Boy’s life saved after surgeons store skull in his stomach

The revolutionary procedure was performed on the nine-year-old who had a brain injury.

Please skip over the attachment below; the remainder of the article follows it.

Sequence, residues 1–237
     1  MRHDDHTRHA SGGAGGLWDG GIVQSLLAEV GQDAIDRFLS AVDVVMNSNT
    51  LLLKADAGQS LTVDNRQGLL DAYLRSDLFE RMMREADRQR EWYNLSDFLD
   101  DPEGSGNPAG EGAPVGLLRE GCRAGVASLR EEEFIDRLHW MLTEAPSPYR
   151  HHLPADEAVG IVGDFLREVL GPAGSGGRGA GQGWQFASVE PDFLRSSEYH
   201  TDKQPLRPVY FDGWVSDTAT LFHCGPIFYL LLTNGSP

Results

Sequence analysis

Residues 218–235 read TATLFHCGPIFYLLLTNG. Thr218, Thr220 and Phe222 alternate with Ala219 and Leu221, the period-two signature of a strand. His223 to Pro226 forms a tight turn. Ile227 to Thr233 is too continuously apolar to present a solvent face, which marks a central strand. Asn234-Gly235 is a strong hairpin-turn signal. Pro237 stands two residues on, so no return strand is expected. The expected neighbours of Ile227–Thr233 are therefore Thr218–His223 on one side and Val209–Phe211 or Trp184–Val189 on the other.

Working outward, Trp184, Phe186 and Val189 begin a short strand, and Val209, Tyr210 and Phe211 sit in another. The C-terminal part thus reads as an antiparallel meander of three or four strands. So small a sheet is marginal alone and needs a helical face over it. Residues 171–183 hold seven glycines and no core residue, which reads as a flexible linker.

Jahfari Martin was hit by a car in a cycling accident, in which he almost died. His brain was dangerously swollen so doctors at Southampton Children's Hospital, Hampshire removed a large part of his skull to relieve the pressure. It remained in the nine-year-old's abdomen for three weeks for 'safe-keeping'. Paediatric neuro-surgeon Aabir Chakraborty explains: "It was life and death. The skull stops the pressure being relieved; hence pressure in the head rises, stopping blood coming into the brain and eventually you will die. "Jahfari was going in and out of consciousness. In those situations you only have one option and that is to remove a very large amount of bone from his skull." Surgeons removed the skin from Jahfari's forehead just above the eye line, then cut out a section of skull bigger than an adult's hand to help alleviate the pressure. Once it was removed the team created a pocket in Jahfari's stomach and kept the pieces of bone there for 18 days. He said: "It was like a rock was in my belly, like I had swallowed a rock or something." He was allowed to go home with his skull in his abdomen and returned to hospital a week later for it to be replaced over the top of his head during another operation. Mum Sheryl, 38, of Sholing, Southampton, said: "Every mother prays for their child but I feel I had the Lord's prayer tattooed to my brain. "I slept in the chapel at the hospital most nights - it was quite an ordeal." The unusual procedure is known as a bi-frontal decompressive craniectomy and insertion of bone flap into anterior abdominal wall. Mr Chakraborty said: "It's an elegant solution, particularly in children. "Obviously you can't have someone without the bone in the long term. But we had to store the bone somewhere. "In the past we used to put it in a medical freezer or use a tin plate which is custom built. "There is a reasonably large pocket in the tummy. The magical thing about that is it is a sterile environment, it won't be rejected by the body and it is very straight forward to go back and take the bone out." Jamie Hilton, who won 2009 Mrs. Idaho and who suffered a head injury during a fishing trip had a similar treatment (pictured right).  
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